OPAE Python Bindings

OPAE (Open Programmable Acceleration Engine) now includes Python bindings for interacting with FPGA resources. The OPAE Python API is built on top of the OPAE C++ Core API and its object model. Because of this, developing OPAE applications in Python is very similar to developing OPAE applications in C++ which significantly reduces the learning curve required to adapt to the Python API. While the object model remains the same, some static factory functions in the OPAE C++ Core API have been moved to module level methods in the OPAE Python API with the exception of the properties class. The goal of the OPAE Python API is to enable fast prototyping, test automation, infrastructure managment, and an easy to use framework for FPGA resource interactions that don’t rely on software algorithms with a high runtime complexity.

Currently, the only Python package that is part of OPAE is opae.fpga

Implementation

The OPAE Python API is implemented by creating a Python extension using pybind11 <http://pybind11.readthedocs.io/en/stable>_. This extension is created by using the pybind11 API which relies mostly on macros and compile time introspection to define the module initialization point as well as type converters between OPAE C++ Core types and OPAE Python types.

Benefits

The major benefits of using pybind11 for developing the OPAE Python API include, but are not limited to, the following features of pybind11:

  • Uses C++ 11 standard library although it can use C++ 14 or C++17.
  • Automatic conversions of shared_ptr types
  • Built-in support for numpy and Eigen numerical libraries
  • Interoperable with the Python C API

Runtime Requirements

Because opae.fpga is built on top of the opae-cxx-core API, it does require that the runtime libraries for both opae-cxx-core and opae-c be installed on the system (as well as any other libraries they depend on). Those libraries can be installed using the opae-libs package (from either RPM or DEB format - depending on your Linux distribution).

Installation

Python Wheels

The preferred method of installation is to use a binary wheel package for your version of Python.

The following table lists example names for different Python versions and platforms.

Python Version Python ABI Linux Platform Package Name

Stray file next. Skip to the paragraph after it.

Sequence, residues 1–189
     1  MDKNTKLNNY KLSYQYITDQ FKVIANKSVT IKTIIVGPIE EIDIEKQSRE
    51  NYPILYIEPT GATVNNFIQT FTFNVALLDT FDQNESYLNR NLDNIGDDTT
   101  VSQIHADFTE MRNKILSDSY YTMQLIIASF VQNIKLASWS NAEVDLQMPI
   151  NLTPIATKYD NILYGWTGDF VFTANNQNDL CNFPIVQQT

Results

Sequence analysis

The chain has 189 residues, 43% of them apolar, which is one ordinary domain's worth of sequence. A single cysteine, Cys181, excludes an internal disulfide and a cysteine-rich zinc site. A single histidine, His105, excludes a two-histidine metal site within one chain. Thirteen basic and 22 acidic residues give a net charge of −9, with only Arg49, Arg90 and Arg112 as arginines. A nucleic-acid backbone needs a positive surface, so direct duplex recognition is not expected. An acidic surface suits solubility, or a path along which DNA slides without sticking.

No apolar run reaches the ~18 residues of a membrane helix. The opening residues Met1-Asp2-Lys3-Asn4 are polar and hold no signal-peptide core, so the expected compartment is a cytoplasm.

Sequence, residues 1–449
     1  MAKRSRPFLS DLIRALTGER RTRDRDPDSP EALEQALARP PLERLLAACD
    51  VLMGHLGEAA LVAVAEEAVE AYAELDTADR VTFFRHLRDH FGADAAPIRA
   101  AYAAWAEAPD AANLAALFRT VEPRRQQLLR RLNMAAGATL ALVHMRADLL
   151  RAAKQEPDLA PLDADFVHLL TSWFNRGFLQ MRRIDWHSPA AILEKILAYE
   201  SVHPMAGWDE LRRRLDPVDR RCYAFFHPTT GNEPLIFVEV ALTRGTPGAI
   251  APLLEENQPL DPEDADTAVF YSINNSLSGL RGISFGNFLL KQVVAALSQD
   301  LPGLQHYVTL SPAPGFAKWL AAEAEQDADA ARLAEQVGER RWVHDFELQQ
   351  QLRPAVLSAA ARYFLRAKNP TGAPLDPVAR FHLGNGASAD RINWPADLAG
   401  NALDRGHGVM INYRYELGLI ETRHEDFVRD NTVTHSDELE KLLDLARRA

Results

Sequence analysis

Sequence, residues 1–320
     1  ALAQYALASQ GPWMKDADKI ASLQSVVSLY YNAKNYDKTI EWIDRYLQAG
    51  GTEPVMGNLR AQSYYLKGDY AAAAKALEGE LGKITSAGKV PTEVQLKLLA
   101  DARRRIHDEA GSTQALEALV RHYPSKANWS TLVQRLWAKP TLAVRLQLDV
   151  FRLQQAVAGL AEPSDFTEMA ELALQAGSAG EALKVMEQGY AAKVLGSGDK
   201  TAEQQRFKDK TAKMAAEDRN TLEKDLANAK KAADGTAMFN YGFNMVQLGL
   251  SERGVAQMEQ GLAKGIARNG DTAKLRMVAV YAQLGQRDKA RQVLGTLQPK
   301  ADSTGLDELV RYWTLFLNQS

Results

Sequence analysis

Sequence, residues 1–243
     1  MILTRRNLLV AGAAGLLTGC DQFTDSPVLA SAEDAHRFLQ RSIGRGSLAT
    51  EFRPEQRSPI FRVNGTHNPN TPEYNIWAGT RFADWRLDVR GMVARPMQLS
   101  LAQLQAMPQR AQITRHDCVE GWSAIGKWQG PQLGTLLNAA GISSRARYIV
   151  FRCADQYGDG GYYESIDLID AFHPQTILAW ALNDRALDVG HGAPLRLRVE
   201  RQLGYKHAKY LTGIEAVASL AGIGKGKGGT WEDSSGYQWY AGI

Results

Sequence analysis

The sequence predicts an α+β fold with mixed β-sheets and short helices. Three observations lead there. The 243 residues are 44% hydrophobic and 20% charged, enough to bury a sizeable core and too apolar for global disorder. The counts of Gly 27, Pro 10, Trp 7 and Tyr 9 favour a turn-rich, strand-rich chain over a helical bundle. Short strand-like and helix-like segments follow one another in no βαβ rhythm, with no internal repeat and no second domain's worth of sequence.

2.7 CPython w/ UCS4 x86_64 opae.fpga.-cp27 -cp27mu-linux_x 86_64.whl
3.4 CPython w/ UCS4 x86_64 opae.fpga.-cp34 -cp34mu-linux_x 86_64.whl
3.6 CPython w/ UCS4 x86_64 opae.fpga.-cp36 -cp36mu-linux_x 86_64.whl

opae.fpga is currently not available in the Python Package Index but once it does become available, one should be able to install using pip by simply typing the following:

> pip install --user opae.fpga

Installing From Source

In addition to the runtime libraries mentioned above, installing from source does require that the OPAE header files be installed as well as those header files for pybind11. The former can be installed with the opae-devel package and the latter can be installed by installing pybind11 Python module.

Example Installation

The following example shows how to build from source by installing the prerequisites before running the setup.py file.

>sudo yum install opae-libs-<release>.x86_64.rpm
>sudo yum install opae-devel-<release>.x86_64.rpm
>pip install --user pybind11
>pip install --user opae.fpga-<release>.tar.gz

NOTE: The pip examples above use the --user flag to avoid requiring root permissions. Those packages will be installed in the user’s site-packages directory found in the user’s .local directory.

Example Scripts

The following example is an implementation of the sample, hello_fpga.c, which is designed to configure the NLB0 diagnostic accelerator for a simple loopback.

import time
from opae import fpga

NLB0 = "d8424dc4-a4a3-c413-f89e-433683f9040b"
CTL = 0x138
CFG = 0x140
NUM_LINES = 0x130
SRC_ADDR = 0x0120
DST_ADDR = 0x0128
DSM_ADDR = 0x0110
DSM_STATUS = 0x40

def cl_align(addr):
    return addr >> 6

tokens = fpga.enumerate(type=fpga.ACCELERATOR, guid=NLB0)
assert tokens, "Could not enumerate accelerator: {}".format(NlB0)

with fpga.open(tokens[0], fpga.OPEN_SHARED) as handle:
    src = fpga.allocate_shared_buffer(handle, 4096)
    dst = fpga.allocate_shared_buffer(handle, 4096)
    dsm = fpga.allocate_shared_buffer(handle, 4096)
    handle.write_csr32(CTL, 0)
    handle.write_csr32(CTL, 1)
    handle.write_csr64(DSM_ADDR, dsm.io_address())
    handle.write_csr64(SRC_ADDR, cl_align(src.io_address())) # cacheline-aligned
    handle.write_csr64(DST_ADDR, cl_align(dst.io_address())) # cacheline-aligned
    handle.write_csr32(CFG, 0x42000)
    handle.write_csr32(NUM_LINES, 4096/64)
    handle.write_csr32(CTL, 3)
    while dsm[DSM_STATUS] & 0x1 == 0:
        time.sleep(0.001)
    handle.write_csr32(CTL, 7)

This example shows how one might reprogram (Partial Reconfiguration) an accelerator on a given bus, 0x5e, using a bitstream file, m0.gbs.

from opae import fpga

BUS = 0x5e
GBS = 'm0.gbs'
tokens = fpga.enumerate(type=fpga.DEVICE, bus=BUS)
assert tokens, "Could not enumerate device on bus: {}".format(BUS)
with open(GBS, 'rb') as fd, fpga.open(tokens[0]) as device:
    device.reconfigure(0, fd)